I threw out my Vim configuration to start over again.
Here’s here's my ~/.vim (https://github.com/jeffkreeftmeijer/.vim), if you’d like to follow along while I add configuration back. It’s working surprisingly well so far, actually.
I switched from the default color scheme to Dim (https://github.com/jeffkreeftmeijer/.vim/commit/ac63d5c5918dfb22f4f65fad58d32fc5de313764). It’s a clone of the default, but it uses ANSI colours exclusively and is consistent on light and dark backgrounds.
I configure colours in my terminal profile instead of dealing with Vim’s schemes.
I'm not dealing with fuzzy file finders this time around. Instead, I’ll use ctags to jump between files, `:b` to juggle open buffers and [I’ve configured Vim’s built-in netrw to help navigate project directory structures](https://github.com/jeffkreeftmeijer/.vim/commit/83d881fef5d7461e07dbf1e2597a44434796af50).
Three more plugins:
1. vim-surround (https://github.com/jeffkreeftmeijer/.vim/commit/6e6acdd5087937328795419db1fe3e37a48fe071) for `cs'"`-ing
2. vim-commentary (https://github.com/jeffkreeftmeijer/.vim/commit/84547def4bc80fa934addb1937447e7f568af642) for `gcc`-ing
3. vim-numbertoggle (https://github.com/jeffkreeftmeijer/.vim/commit/c3993949a1a789c5a64dceedbab7b5a96a9ce295) for `set :nornu!`-ing
Current total: 5, of which one is mostly there because I maintain it.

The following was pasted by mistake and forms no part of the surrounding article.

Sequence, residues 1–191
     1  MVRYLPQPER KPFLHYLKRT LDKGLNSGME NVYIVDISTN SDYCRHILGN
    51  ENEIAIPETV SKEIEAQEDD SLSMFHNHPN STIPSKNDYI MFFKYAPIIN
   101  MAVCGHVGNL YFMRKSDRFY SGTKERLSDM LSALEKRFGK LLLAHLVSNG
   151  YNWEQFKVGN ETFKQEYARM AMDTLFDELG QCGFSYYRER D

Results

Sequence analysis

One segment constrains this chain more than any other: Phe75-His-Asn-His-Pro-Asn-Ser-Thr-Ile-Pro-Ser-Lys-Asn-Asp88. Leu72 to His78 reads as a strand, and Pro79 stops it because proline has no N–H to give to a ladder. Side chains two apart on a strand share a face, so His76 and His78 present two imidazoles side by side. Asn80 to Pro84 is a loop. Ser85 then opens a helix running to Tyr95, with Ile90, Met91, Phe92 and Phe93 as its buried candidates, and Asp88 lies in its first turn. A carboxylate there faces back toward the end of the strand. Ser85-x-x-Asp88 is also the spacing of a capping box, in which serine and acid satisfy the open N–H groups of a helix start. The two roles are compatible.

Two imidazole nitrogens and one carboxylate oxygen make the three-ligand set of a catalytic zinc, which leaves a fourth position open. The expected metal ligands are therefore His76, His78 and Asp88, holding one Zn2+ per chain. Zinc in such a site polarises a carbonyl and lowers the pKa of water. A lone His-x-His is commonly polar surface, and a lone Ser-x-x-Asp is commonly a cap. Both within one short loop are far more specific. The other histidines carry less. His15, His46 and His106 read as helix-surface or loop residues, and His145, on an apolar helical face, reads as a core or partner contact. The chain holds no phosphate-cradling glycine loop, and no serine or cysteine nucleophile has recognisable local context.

As my first foray into using a language server in my editor, I’ve installed coc.nvim and coc-elixir for an Elixir language server that provides automatic code completion, compiler checks and Dialyzer analysis.
I released Grim (https://github.com/jeffkreeftmeijer/vim-dim/blob/49c5833997461afbd5c9b06582d23382e40a245f/colors/grim.vim), and vim-nightfall (https://github.com/jeffkreeftmeijer/vim-nightfall) this week, so I’ve officially added both to my Vim configuration for monochrome syntax highlighting in both light and dark mode.
Another great thing about coc.nvim is its ability to automatically format files on save through its plugins.
I've turned on automatic formatting for Elixir and Rust files by adding both to `coc.preferences.formatOnSaveFiletypes` in `coc-settings.json`.
I gave in. Instead of using netrw and ctags to navigate like I said I would, I installed fzf again. I’m really liking the new-to-me preview window. I’ve also added fzf.vim highlight colors to Dim (https://github.com/jeffkreeftmeijer/vim-dim/commit/b1332575624e5a212ca702a89f1c78acd88beb22) to limit it to using ANSI colors.
@schnittchen I used fzf for years, but I haven’t really missed it after removing it a while back. It was convenient enough that I forgot about my ctags, which seem like a quicker way to move around.
In the interest of keeping my configuration as minimal as I can, I’ll double down on ctags for now, to see if that speeds things up a bit without having to manage an extra plugin.
What’s your setup like? :)
@jkreeftmeijer i use ctags, and fzf mostly for jumping to files. I guess the larger the project, the more valuable ctags become, but they both serve me well.
And I configured :grep to use ag
@jkreeftmeijer yours is showing "above" the view instead of in a temp split below... Must check that out
@schnittchen Yes, that seems to be the new default. I’d say updating your checkout should switch it to the floating panel. :)
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